More customers express frustration over Airbus A320neo delays
Just as Airbus revealed having increased its production rates in the first half of 2019, particularly ramping-up production of the A320 Family aircraft, increasing delivery rates for the same time period have set the manufacturer on course to beat those of rival Boeing by the end of 2019. However, the task to keep up with production targets and delivery rates poses a challenge, as some customers share their frustration over delays.
Within the first three months of 2019, Airbus deliveries rose by 28%, marking the first time in eight years that the Toulouse-based manufacturer surpassed Boeing. Within the first six months of 2019, Airbus has delivered 389 commercial aircraft ‒ over 80 more than during the first half of the previous year (303 in H1 2018).
However, with the delivery target of 880 to 890 commercial aircraft in 2019 and customers, more or less subtly, already complaining about the delays, current deliveries remain a challenge, as the manufacturer also admits. “The second half of the year in terms of deliveries and in particular free cash flow continues to be challenging,” is noted in H1 2019 statement by Airbus.
Still waiting for the NEOs
On July 30, 2019, BOC Aviation has revealed lagging deliveries of seven A320neo aircraft that could potentially stretch into the next year. In particular, the lessor stated that: “We now expect delivery delays could result in up to 30 aircraft being delayed out of 2019, including three for which an airline customer has the right to acquire the aircraft on delivery,” as noted in a statement.“These presently comprise up to seven Airbus A320NEO aircraft and up to 23 Boeing 737 MAX aircraft.”
More recently and more bluntly, William Walsh, IAG CEO and Executive Director, has opened up about A321LR delivery delays, calling them “unacceptable” and openly urging Airbus to “improve their performance”.
“Disappointed, as you've heard me say previously, with the performance of Airbus,” Walsh told investors during Q2 2019 earnings call on August 2, 2019. “Very poor delivery from Hamburg on the A321. It's not just for us, as you know. I'm sure by now you've heard every airline that is excited about taking the 321LR expect - express huge disappointment about the delays that they're encountering.”
“We need Airbus to improve their performance, and they need to get working on that very quickly because, quite honestly, the delays that we're seeing are just completely unacceptable, and it is impacting on the growth plans that we have. That's particularly true with what we want to do with Aer Lingus on the transatlantic,” the IAG chief stated.
The Aer Lingus transatlantic situation Walsh is referring to, dates back to March 2019. Back then, Aer Lingus, the Irish carrier belonging to IAG, announced postponing Montreal-Dublin service, which was previously expected to commence on August 8, 2019. Instead, the airline now plans to open the route in summer 2020. IAG group states it had to push back the launch due to ongoing A321 delays from the Hamburg facility.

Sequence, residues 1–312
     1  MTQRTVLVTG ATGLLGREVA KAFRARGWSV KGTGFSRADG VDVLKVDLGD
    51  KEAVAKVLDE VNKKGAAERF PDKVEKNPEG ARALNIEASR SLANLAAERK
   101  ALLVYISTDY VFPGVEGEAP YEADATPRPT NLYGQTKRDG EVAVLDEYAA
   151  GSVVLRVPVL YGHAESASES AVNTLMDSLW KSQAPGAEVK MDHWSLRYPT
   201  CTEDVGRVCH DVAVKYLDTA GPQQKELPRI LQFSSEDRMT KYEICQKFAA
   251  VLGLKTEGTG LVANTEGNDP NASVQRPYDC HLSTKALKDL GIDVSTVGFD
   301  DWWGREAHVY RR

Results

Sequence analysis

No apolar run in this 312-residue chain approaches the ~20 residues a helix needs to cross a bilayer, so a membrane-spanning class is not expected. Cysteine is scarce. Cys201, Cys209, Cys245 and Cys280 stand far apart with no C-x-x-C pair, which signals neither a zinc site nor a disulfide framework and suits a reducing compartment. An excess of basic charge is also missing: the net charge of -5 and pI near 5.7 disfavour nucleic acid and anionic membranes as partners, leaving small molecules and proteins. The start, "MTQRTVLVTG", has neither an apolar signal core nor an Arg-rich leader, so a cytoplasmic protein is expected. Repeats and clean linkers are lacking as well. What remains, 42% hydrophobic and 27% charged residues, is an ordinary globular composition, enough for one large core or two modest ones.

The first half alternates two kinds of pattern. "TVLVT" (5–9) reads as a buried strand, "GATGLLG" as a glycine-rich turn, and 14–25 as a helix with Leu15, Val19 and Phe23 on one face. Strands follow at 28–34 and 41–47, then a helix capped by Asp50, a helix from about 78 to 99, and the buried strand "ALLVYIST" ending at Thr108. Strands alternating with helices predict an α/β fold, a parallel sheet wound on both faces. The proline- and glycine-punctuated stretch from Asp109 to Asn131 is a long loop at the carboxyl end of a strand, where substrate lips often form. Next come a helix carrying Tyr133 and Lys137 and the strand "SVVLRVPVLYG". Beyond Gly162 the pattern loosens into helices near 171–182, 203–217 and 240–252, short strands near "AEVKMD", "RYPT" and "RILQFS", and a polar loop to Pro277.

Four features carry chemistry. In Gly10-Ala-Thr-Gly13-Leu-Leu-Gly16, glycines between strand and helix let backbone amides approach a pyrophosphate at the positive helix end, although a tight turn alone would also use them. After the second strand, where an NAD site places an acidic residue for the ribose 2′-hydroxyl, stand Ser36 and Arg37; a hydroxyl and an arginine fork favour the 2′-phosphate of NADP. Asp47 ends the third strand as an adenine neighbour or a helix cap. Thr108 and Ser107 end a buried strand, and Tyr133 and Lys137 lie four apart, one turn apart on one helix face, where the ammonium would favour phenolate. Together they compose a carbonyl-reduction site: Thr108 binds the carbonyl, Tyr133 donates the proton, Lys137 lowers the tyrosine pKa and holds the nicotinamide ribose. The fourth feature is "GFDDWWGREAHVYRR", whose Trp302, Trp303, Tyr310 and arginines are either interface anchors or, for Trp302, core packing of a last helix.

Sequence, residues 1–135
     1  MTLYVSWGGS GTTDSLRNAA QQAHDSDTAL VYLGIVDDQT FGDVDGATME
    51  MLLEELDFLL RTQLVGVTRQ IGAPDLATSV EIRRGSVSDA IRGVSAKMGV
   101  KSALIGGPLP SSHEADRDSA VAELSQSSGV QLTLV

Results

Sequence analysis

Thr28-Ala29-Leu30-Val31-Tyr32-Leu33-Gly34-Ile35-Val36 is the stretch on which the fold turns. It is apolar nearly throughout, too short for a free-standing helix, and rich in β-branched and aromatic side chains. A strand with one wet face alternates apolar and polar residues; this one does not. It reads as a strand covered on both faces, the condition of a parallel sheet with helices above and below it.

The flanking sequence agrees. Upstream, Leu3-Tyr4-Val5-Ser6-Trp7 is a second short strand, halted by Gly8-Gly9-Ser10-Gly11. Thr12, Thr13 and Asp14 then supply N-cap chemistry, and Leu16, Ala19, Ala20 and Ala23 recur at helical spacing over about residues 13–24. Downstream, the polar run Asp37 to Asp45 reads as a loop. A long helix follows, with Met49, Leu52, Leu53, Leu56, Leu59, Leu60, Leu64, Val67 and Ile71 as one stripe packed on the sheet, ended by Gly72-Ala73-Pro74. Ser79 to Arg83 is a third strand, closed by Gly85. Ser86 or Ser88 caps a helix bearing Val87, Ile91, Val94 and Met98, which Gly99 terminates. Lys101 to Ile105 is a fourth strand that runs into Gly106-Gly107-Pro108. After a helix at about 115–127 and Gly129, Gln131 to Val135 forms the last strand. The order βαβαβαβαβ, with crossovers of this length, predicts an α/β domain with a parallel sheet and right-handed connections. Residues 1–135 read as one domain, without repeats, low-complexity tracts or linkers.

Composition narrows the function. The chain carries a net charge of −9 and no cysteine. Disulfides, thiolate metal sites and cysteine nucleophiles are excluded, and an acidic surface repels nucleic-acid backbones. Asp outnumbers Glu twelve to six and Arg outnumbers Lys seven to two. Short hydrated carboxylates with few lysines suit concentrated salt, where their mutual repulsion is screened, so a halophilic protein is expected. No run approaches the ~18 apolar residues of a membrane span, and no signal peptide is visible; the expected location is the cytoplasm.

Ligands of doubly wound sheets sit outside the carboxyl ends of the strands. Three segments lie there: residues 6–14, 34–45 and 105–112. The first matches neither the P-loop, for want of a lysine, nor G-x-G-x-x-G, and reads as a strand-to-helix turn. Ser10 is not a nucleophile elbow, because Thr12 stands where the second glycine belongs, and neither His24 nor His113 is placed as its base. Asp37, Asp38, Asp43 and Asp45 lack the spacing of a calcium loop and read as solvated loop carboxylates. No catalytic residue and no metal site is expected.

As for the newest member of the Airbus A320neo family, on June 18, 2019, IAG announced an order for eight A321XLR aircraft for Iberia and six for Aer Lingus, plus 14 options. Both airlines will be among the launch customers for the extra long-range narrow-body aircraft with their first deliveries scheduled for 2023. The A321XLR will be used to expand both Aer Lingus and Iberia’s existing long-haul fleets.
However, Walsh made it clear that deliveries might affect the group’s further aircraft purchase options. “[...] In fact, as you can see from this, we still have a number of outstanding aircraft to be decided on. So we're pleased so far with what we've ordered, but there is more work that we need to do,” Walsh told investors.
During the Paris Air Show back in June 2019, International Airlines Group (IAG) (IAG) announced its intention to acquire 200 Boeing 737 MAX jets. The 200 737s order marks a subtle yet significant change in the group’s fleet structure. IAG Group, the parent company of British Airways, Iberia, Aer Lingus, and Vueling, has a combined fleet of 588 aircraft (as of June 30, 2019).
While the U.S. plane maker is already IAG’s manufacturer of choice for wide-body aircraft, so far most of its narrow-body planes were made by Airbus. In total, IAG airlines operate 373 Airbus narrow-bodies (ranging across Airbus A318, A319, A320 and A321 variants) and 23 Embraer aircraft (E170 and E190). Of the wide-body aircraft, it has 72 Airbus (A330, A340, A350, and A380) and 121 Boeing (747, 777, 787) airliners.
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